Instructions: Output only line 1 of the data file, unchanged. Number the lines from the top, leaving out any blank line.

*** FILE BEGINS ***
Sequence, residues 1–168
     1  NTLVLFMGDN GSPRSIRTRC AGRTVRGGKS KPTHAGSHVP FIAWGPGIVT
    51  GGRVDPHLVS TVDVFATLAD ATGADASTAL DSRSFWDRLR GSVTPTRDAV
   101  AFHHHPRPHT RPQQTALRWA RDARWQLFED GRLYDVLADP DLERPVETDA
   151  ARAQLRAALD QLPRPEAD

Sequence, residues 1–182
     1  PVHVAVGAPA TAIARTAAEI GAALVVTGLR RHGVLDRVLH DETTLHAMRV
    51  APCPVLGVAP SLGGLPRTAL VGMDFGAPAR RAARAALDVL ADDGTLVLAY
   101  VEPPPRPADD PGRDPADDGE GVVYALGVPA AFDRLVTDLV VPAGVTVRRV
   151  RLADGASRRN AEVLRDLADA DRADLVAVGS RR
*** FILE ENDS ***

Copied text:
Sequence, residues 1–168